Paris in July: A surprising discovery.

Not a long post this one but I had to share, and how appropriate for Paris in July. It’s always surprising the places that you stumble across when you’re not even looking.

This morning I had to go into the city of Perth. I don’t go very often, there’s never much need to, but today I had to go boot shopping (more about that later) and I ventured further up Hay St than I normally do.

After becoming completely befuddled by the whole array of gear available for trekkers (and the cost, incidentally) I was in desperate need of a coffee. There was a coffee shop a couple of doors away, excellent, I could sit and mull over my options in regard to the boots.

Well, did I find a gem – a FRENCH coffee shop. And I mean a PROPER FRENCH coffee shop. The owners are French, several of the waitstaff are French and the food is French.

This coffee shop, sorry Boulangerie & Patisserie, is called Jean Pierre Sancho and has apparently been in Perth since 2010. Its origins lie in the medieval town of Lodeve in the South of France, where the Sancho bakery has been in existence since 1904.

Apart from the Hay St establishment, there is one in St Georges Tce and another in Northbridge. When I’d finished my shopping I did go back and by a baguette to take home for lunch, I resisted the tempting array of pastries, but next time I might have to treat myself – for there will be a next time. If you’re anywhere near, I would highly recommend a visit.

Paris in July: Paris on an angle

Magique Eiffel

I’ve always loved Paris and have been lucky enough to visit there three times. The first was many, many years ago with two very young daughters and a husband (now ex) in tow. We were travelling round Europe in a campervan and we had a ball. Somehow as we drove into Paris we managed to run straight into the Arc de Triomphe, well, not literally but you know what I mean. Stressful or what? Now I’m not sure whose fault it was that the said husband ended up having to negotiate the organised chaos that is the traffic around that monument, but as the navigator I feel that, at this late stage, I should possibly bear some responsibility. I think we missed the turn off to the Bois de Boulogne at the previous roundabout. Anyway he did an amazing job while I closed my eyes and eventually we made our way back to the Bois de Boulogne and the camp site.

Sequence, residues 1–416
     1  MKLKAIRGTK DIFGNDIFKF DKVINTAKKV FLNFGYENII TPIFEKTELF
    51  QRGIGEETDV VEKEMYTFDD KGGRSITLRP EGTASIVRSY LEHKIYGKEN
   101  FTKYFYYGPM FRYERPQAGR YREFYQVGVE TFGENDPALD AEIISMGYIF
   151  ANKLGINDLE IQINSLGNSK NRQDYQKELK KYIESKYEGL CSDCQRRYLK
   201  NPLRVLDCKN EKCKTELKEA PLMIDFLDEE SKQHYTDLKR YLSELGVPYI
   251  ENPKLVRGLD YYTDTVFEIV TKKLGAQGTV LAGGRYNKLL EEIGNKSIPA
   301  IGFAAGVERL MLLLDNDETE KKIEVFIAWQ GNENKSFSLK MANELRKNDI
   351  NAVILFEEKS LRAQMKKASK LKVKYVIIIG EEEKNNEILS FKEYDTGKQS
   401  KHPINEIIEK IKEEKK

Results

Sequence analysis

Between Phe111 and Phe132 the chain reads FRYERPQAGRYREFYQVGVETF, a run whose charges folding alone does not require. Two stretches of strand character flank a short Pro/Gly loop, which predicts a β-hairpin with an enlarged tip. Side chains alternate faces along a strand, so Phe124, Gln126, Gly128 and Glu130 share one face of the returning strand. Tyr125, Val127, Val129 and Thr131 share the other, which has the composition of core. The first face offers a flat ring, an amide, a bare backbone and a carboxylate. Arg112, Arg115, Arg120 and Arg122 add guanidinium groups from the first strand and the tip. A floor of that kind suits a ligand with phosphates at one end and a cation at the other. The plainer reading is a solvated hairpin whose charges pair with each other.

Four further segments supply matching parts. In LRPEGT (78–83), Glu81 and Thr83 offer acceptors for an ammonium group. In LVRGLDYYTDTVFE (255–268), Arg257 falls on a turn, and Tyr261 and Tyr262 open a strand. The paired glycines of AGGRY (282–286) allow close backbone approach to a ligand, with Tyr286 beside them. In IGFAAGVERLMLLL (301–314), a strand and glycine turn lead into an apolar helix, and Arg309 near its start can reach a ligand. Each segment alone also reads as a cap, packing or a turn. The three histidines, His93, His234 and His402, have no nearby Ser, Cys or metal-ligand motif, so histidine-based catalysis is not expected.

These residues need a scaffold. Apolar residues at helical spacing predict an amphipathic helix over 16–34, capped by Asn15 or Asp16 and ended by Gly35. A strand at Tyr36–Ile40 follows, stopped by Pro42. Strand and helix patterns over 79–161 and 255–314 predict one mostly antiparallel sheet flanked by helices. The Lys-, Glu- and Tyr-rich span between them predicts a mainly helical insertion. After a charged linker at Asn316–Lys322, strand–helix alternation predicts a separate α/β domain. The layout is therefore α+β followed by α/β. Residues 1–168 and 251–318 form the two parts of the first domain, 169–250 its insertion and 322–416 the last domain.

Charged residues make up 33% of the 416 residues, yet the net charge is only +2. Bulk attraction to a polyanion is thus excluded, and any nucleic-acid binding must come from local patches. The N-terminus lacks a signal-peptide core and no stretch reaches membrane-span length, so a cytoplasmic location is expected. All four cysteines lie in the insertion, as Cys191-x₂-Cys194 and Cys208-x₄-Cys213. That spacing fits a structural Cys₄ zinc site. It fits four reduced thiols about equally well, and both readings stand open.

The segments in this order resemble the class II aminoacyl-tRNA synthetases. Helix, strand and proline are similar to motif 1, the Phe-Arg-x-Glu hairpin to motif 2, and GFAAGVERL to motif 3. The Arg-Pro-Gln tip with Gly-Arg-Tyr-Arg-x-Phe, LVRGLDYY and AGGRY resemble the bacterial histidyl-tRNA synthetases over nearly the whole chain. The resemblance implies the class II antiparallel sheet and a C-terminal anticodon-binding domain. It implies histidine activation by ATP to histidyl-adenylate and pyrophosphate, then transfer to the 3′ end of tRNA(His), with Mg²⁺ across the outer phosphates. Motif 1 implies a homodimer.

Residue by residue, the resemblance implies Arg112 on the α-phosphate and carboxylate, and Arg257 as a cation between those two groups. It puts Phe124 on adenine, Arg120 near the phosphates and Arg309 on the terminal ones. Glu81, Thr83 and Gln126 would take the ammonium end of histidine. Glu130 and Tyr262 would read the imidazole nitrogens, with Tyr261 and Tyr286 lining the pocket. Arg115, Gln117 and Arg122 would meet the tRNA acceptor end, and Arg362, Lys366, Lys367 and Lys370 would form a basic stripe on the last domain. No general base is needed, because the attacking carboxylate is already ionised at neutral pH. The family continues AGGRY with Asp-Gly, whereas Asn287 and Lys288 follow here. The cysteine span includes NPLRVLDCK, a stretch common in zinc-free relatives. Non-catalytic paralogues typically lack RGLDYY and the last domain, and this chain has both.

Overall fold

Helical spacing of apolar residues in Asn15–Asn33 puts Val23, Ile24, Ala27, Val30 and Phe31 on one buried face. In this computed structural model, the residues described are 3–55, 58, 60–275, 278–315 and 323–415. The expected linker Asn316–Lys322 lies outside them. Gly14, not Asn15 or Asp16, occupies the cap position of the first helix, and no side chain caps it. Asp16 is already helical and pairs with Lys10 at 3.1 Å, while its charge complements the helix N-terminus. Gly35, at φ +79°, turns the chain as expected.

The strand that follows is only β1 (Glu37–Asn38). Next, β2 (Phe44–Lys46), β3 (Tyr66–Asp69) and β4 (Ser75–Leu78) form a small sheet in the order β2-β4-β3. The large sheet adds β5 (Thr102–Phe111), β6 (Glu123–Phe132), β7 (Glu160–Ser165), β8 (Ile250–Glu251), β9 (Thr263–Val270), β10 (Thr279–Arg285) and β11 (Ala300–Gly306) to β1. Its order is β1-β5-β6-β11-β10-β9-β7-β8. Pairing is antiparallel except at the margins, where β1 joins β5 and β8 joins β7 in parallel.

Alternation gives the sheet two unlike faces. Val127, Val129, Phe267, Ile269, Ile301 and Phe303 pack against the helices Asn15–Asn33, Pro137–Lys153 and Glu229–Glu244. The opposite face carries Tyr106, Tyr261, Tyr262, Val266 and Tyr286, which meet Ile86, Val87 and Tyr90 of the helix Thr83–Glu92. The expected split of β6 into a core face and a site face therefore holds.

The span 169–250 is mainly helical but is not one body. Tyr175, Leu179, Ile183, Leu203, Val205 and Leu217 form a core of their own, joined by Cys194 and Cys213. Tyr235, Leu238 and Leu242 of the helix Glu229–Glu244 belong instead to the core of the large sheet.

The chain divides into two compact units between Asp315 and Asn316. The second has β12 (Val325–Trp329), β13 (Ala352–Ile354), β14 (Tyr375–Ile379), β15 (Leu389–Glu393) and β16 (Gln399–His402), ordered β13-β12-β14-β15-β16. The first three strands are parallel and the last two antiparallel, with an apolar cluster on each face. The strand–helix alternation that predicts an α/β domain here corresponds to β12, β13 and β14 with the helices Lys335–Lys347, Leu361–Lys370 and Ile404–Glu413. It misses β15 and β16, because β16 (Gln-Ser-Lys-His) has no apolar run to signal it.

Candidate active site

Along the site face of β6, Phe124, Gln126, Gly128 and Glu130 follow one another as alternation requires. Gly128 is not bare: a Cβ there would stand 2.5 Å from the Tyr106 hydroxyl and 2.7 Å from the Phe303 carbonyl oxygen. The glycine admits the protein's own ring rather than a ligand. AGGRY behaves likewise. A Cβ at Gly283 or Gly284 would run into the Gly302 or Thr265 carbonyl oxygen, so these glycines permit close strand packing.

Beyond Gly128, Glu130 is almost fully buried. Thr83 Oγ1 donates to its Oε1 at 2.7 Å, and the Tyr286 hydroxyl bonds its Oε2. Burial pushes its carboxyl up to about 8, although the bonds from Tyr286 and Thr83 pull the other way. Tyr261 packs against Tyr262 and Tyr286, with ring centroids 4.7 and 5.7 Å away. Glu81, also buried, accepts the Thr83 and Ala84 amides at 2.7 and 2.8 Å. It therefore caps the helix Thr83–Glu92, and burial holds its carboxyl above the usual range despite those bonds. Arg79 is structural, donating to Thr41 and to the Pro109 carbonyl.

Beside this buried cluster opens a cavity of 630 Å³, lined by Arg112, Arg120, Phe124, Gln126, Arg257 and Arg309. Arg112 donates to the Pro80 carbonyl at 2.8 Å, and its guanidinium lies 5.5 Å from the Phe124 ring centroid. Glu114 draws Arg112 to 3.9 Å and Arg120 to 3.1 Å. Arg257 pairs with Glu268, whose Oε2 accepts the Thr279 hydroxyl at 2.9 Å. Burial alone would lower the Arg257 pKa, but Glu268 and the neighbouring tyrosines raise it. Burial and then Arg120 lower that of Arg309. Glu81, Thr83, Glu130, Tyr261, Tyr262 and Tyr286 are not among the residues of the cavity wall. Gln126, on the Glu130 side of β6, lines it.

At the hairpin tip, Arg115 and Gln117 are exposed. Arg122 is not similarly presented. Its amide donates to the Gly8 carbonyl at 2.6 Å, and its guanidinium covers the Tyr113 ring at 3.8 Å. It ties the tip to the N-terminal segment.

That was in March, the second time I visited it was late September and finally two years ago I was there in July. Although Paris in summer is wonderful unfortunately it is also full to brimming with tourists!

Whatever time of the year you visit though, the architecture in this city is amazing. Whether it’s the Notre-Dame Cathedral, that Gothic masterpiece with its Gallery of Kings and its gargoyles, the nineteenth century Eiffel Tower with its 1200 pieces fitting neatly together or the modern glass pyramid of the Louvre, you can’t help but be in awe.

Pictures of these Paris landmarks are easily recognisable but would you pick them from these photos? I’ve also thrown in a couple of photos of Paris buildings taken from a slightly different angle – they’re probably easily recognisable as Paris but just a different perspective. What’s your favourite Paris building?

How many of those 1200 pieces can you count here?

 

Yes, it’s part of the pyramid.

 

You probably got this one of Notre-Dame

 

The hanging gardens of …… no, not Babylon!

 

View from above.